Program aims to prevent distracted driving in teens - KSLA News 12 Shreveport, Louisiana News Weather & Sports

Program aims to prevent distracted driving in teens

Students in Marshall took part in a simulation to demonstrate the consequences of texting while driving. (Source: Eric Pointer/ KSLA News 12) Students in Marshall took part in a simulation to demonstrate the consequences of texting while driving. (Source: Eric Pointer/ KSLA News 12)
(Source: Eric Pointer/ KSLA News 12) (Source: Eric Pointer/ KSLA News 12)
(Source: Eric Pointer/KSLA News 12) (Source: Eric Pointer/KSLA News 12)
MARSHALL, TX (KSLA) -

Authorities held a crash simulation Thursday morning in Marshall, Texas, to help illustrate to students the real-life perils of being distracted as you drive.

The Shattered Dreams enactment for Marshall High juniors and seniors was staged at noon at the Marshall Civic Center.

"I got a text and I looked down for a second and that was all it took to get into the wreck," said Abigail Herman, who played the teen driver who caused the simulated crash that claimed the lives of 2 of her classmates.

"There was a moment when I looked over and I saw one of the girls lying there and she was dead and it made it so real," said Herman.

Shattered Dreams is a program aimed at helping students realize the consequences of their actions while operating a vehicle and the everlasting effects on many others, including innocent victims.

This year, the group decided to focus it on distracted driving for the first time, instead of drunken driving.

"We know that all of our students are going to be doing that. Some of them may drink and drive, but we know that all of them are going to text and drive," said Randy Pritchard, deputy emergency coordinator in Marshall.

The simulated crash was meant to look as real as possible.

"To be honest, this is what would happen at any accident of this scale. that would be available any minute of any day. As safety professionals, this is what they do," said Pritchard.

Taking part were first responders and actors posing as grieving parents.

"We do come across accidents like this, so it's just like second nature kicks in," said Justin Mills, of the Marshall Police Department.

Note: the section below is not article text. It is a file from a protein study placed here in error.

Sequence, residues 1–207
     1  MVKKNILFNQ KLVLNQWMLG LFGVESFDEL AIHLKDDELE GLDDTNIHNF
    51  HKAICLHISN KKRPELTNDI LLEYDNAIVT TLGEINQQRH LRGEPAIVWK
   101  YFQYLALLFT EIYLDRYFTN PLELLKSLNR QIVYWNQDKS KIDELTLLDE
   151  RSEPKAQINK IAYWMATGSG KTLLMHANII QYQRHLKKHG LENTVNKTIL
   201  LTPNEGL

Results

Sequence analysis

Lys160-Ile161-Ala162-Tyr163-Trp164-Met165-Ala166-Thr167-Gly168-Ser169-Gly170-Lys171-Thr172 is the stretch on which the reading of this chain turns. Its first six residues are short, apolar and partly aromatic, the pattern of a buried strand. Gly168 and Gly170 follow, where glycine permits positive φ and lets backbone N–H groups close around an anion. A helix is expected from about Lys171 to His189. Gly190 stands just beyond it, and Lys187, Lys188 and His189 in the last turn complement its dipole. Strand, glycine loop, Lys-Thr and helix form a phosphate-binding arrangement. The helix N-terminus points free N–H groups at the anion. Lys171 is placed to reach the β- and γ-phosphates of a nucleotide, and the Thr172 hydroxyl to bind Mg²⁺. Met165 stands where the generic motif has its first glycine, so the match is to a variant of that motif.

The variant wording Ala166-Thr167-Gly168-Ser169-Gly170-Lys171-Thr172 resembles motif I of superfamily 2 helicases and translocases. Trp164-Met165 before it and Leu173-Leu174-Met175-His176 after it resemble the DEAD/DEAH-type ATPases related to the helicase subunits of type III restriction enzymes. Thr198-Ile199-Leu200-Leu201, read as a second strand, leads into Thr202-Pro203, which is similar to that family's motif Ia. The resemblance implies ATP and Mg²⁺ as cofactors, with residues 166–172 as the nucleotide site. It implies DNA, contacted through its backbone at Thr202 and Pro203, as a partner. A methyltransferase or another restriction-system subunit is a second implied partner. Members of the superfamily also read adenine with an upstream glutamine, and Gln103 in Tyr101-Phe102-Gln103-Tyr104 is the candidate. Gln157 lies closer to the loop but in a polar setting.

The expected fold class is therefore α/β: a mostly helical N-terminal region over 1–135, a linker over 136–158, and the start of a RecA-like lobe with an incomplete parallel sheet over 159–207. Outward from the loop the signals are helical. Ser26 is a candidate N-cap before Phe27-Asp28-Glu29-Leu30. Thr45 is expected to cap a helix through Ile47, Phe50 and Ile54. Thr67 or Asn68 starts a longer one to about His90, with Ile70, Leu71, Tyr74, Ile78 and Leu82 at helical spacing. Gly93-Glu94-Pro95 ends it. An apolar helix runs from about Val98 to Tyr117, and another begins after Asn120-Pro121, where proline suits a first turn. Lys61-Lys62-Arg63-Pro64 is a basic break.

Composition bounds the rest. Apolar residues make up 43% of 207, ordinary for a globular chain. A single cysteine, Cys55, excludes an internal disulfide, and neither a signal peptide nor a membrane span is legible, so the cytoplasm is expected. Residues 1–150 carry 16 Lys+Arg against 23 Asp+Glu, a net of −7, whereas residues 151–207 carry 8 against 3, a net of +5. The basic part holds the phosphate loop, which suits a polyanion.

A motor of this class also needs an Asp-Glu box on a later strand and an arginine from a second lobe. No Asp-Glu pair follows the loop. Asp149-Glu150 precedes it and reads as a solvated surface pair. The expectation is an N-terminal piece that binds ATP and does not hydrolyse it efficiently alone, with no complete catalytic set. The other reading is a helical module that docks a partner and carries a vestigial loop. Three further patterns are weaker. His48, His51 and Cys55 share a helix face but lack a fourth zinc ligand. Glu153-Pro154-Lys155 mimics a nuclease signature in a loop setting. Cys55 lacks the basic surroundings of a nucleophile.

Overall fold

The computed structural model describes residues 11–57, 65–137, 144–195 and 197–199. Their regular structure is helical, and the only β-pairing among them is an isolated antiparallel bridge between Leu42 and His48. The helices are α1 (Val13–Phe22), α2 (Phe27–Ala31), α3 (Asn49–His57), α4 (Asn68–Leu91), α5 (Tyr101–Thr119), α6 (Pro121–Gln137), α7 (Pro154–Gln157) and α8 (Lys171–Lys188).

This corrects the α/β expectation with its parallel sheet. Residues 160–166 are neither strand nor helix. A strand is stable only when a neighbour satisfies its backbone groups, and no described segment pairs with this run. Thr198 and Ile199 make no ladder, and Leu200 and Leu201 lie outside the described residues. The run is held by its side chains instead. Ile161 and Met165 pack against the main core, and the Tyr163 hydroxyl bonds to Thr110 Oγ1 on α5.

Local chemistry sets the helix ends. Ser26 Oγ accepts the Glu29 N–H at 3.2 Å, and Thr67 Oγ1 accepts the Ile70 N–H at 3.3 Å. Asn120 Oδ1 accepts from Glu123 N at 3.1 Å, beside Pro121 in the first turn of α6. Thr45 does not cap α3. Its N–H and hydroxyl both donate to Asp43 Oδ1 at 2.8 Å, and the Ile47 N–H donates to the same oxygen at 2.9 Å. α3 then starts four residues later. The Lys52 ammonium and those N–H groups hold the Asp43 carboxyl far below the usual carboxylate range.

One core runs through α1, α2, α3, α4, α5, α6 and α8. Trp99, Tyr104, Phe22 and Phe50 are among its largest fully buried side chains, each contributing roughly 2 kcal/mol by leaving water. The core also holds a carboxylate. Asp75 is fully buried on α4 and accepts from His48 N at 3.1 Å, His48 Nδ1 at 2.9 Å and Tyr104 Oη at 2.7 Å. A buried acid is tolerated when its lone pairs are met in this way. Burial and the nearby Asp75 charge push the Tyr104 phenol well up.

That's something that some students say resonated with them.

"I was honestly a little bit scared thinking that this could happen to anybody," Marshall High junior Caitlin Weiss said.  
"You never know when it's going to be your last text. So it just scares you a little bit."
The project is spearheaded by the MISD School Health Advisory Committee (SHAC), a volunteer panel comprised of students. parents and professional partners of the MISD.

The SHAC chose to focus the project on distracted driving because it has become an epidemic in America.

However, the data about it is lacking. 

Unlike a DWI, where the physical evidence can be proved, with distracted driving, you must have a confession or a witness to it. 

At this time, there are no specific laws against texting and driving in Texas.

Among agencies that took part in the Shattered Dreams crash simulation are:

  • Texas Department of Public Safety
  • Texas Department of Transportation
  • Marshall Independent School District
  • Harrison County district attorney’s office
  • Marshall Fire Department
  • Harrison County Sheriff’s Office
  • Marshall Police Department
  • Honorable Jim Ammerman II
  • Marshall ISD Police Department
  • Harrison County ESD 3
  • City of Marshall
  • ETBU drama department
  • MISD School Health Advisory Committee 
  • East Texas Medical Center Air 1
  • Meadowbrook Funeral Home
  • East Texas Council on Alcoholism and Drug Abuse
  • Jeff Weinstein - NoDD
  • El Mexicano Auto Parts
  • MHS Drama Club
  • Ronnie’s Wreckers Service

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